When we arrived at the Castel Sant' Angelo, we again rented the audioguides which is really important in order to make a visit worthwhile. (In lieu of the audioguide, a guide book would also work. Signage is minimal so one won't garner much by just walking in and looking around.) The Castel Sant' Angelo makes a good outing and I'd recommend seeing it during late afternoon. There is a cafe on the upper level and it's possible to get a coffee or glass of wine and it would be very pleasant sitting out on the terrace watching the sunset.

Castel Sant' Angelo was built as a mausoleum for the Emperor Hadrian, and his successors, between 123-139 AD. It has also been a prison and a papal residence. It was used by former Popes who absconded there for protection in times of danger. It still connects to the Vatican via a covered passageway, called the Passetto di Borgo.
Hadrian's ashes were placed here a year after his death in 138 AD, together with those of his wife Sabina, and his first adopted son, Lucius Aelius, who also died in 138 AD.
Bust of Emperor Hadrian designed by Michelangelo, but then changed by Montelupo, and restored in the early 1900's.
A trebuchet which may not authentically belong here.
The papal apartments were started by Pope Julius II, then Leo X, but Paul III redecorated everything, so his painting style is what is seen. Pope Paul III lived here for 13 years.
Pauline Chamber: This is the room where Paul III received delegations during his residence here. It was decorated by a student of Raphael named Perin del Vaga, and his assistants, from June 1545 to September 1547.
Paintings are allegories of what Paul III thought of himself. Let's just say, he thought a great deal about himself. In Greek, on the ceiling, it says, "Paul III, Pope, has transformed the tomb of the Great Hadrian into a mighty and sacred abode."
The treasury room, linked to the papal apartments, was used as a safe for Rome during the Renaissance.
A view of the Tiber.
At the top of Castel Sant' Angelo, overlooking the panoramic terrace, is a statue of the archangel Michael, built by the 18th century Flemish sculptor Pieter Verschaffelt. (There were other previous versions of Michael here but each one was destroyed, most often by lightning.) According to legend, Michael appeared on top of the fortress in the year 590 and miraculously ended the severe plague that had infested the city of Rome. After the purported event, the building was renamed Castel Sant'Angelo in honor of the archangel. Fans of the opera Tosca will enjoy walking on the terrace, particularly if one has the audioguide. Music from the opera is played and one can imagine those final moments in Act III when Tosca cries, ""O Scarpia, Avanti a Dio!" and then hurls herself over the edge of the terrace to her death.
On January 11th, we drove to Ostia Antica which was a settlement that is believed to have been founded as far back as the 7th century BC (but evidence supports the 4th century BC) near the mouth of the Tiber River and was at one time an important port for Rome. Originally a fortified citadel controlling access to Rome by river, Ostia grew over five centuries. Unlike ancient Pompei which died due to the consequences of Mt Vesuvius erupting, Ostia was gradually abandoned due to a number of factors: Political chaos in Rome, the growing importance of Portus over Ostia as a commercial hub, increased Tiber floodings and, at the end of the 5th century, the Ostian aqueduct ceasing to function. Ostia gradually became ruins. From the 11th to the 14th century, much of the marble facing the buildings was taken and reused elsewhere in Italy.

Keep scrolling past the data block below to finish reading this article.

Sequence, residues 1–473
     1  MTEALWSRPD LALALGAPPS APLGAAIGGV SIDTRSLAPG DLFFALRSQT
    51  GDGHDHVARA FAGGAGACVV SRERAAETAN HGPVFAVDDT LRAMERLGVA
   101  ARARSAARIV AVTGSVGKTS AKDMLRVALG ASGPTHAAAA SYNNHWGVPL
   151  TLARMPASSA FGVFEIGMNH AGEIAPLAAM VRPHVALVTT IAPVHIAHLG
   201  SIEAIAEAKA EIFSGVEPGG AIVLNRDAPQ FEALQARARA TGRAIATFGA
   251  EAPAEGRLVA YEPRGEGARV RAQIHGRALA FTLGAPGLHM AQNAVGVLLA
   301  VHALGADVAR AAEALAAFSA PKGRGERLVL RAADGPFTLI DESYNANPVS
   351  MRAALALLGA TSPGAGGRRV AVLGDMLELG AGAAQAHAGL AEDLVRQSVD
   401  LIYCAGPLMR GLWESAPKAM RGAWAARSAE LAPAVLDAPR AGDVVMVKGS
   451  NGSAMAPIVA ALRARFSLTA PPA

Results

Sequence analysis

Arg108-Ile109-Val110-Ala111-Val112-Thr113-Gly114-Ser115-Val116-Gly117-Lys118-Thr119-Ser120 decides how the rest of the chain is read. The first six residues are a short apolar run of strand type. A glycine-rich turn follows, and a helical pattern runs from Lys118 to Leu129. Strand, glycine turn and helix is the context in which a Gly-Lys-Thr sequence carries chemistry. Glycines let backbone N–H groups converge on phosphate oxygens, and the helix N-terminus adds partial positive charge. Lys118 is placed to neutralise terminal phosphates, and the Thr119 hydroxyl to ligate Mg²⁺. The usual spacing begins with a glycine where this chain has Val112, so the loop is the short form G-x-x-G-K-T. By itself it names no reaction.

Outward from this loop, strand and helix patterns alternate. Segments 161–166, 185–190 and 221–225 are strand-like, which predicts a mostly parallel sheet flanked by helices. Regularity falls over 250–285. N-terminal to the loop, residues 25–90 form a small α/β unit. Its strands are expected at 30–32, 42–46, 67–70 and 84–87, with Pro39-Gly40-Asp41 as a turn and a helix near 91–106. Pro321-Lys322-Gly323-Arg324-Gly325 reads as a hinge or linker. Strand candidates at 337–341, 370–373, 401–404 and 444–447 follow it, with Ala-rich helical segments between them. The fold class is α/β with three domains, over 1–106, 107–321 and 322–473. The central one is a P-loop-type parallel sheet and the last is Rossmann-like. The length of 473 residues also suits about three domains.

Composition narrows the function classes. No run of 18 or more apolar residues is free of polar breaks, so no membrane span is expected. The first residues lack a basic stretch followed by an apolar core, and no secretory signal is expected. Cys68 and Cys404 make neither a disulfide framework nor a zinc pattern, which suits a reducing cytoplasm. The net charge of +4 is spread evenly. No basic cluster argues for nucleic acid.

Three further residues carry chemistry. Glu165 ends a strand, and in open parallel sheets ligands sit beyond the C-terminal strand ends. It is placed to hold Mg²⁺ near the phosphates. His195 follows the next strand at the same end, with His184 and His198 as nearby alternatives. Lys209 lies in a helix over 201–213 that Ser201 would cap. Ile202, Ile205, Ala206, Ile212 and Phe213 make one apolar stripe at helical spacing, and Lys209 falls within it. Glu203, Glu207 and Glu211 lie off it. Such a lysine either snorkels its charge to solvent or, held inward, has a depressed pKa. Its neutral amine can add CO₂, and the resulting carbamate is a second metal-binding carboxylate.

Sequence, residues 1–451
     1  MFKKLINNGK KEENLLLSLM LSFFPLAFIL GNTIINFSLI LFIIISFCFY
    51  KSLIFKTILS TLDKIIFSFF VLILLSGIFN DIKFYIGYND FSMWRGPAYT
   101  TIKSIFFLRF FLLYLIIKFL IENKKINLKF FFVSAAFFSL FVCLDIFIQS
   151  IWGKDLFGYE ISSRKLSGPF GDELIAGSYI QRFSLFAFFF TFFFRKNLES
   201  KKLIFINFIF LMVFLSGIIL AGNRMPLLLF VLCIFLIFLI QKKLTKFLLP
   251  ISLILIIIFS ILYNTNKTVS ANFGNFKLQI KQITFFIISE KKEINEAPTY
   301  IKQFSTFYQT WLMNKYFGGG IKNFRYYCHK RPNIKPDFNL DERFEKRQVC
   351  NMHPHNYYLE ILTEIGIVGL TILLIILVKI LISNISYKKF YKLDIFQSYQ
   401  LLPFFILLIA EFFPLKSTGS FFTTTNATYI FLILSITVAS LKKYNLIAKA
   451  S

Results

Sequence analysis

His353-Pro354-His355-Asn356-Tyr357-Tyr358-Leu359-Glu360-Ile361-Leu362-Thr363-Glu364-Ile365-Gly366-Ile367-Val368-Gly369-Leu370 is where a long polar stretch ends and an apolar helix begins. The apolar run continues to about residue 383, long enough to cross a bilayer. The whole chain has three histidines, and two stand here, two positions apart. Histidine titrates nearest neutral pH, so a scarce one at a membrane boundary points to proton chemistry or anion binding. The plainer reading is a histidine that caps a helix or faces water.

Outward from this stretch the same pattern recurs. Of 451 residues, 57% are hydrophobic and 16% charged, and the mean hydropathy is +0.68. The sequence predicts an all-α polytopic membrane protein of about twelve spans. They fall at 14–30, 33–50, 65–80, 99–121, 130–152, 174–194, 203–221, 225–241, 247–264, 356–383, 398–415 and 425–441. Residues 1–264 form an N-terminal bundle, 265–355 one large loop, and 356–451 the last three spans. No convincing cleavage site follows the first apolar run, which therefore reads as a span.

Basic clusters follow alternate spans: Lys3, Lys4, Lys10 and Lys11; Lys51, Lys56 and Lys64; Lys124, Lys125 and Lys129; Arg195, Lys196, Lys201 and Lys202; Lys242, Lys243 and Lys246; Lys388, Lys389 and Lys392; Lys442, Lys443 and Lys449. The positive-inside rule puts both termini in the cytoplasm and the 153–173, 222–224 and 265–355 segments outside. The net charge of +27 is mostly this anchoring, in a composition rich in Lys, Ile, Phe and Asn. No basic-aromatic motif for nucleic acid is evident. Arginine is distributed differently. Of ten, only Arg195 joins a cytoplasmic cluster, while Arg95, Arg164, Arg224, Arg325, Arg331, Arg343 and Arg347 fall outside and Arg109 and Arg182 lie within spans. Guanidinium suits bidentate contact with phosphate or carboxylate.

Most of the buildings that have been excavated were built in the first half of the second century, when such notable emperors such as Trajan and Hadrian ruled. Due to the addition of a harbor district, Ostia was rich and prosperous until the Severan period in the early 3rd century. During this time, Ostia’s population was roughly 50,000 people, including 17,000 slaves. This was twice the size of Pompei and, as a result, the span of the city ruins is much broader.

Ostia is certainly worth a visit. Make sure you bring a guidebook or find some information on-line to bring with you. Ostia maps are available for sale at the entrance but they give very little information. Here are a few of the photos I took.
It was customary to bury the dead outside the city walls. So the first thing visitors walk by when entering Ostia is the necropolis which means "city of the dead".

Walking along Via Ostiense (and through the necropolis) towards the Porta Romana.

Remains of a long covered passageway on the main road (Decumanus Maximus) through Ostia: Ostia was supplied in the Imperial period with monumental porticoed zones that offered protection from inclement weather and shelter for commercial activities.
Between the 4th century and 1st century BC, drinking water was provided from rain and from the ground water, which was drawn on by means of wells. In the Julio-Claudian period, the city was supplied with an aqueduct. Then it is also believed that Emperor Vespasian supplied another aqueduct.
Mosaic floor in the Neptune Baths: Through the centuries, the mosaics had undergone significant alteration caused by usage, weather and intervention by man. Ever since ancient times, the continued use of the baths had meant ongoing maintenance to keep piping and drainage systems below functional but with little attention to the condition of the mosaics. Note the repair in the bottom left part of the floor; it looks like a repair was made underneath the floor and no one bothered to replace the mosaic on the surface. It still seems there is insufficient regard with what little is left of the mosaics, looking at this exposed floor.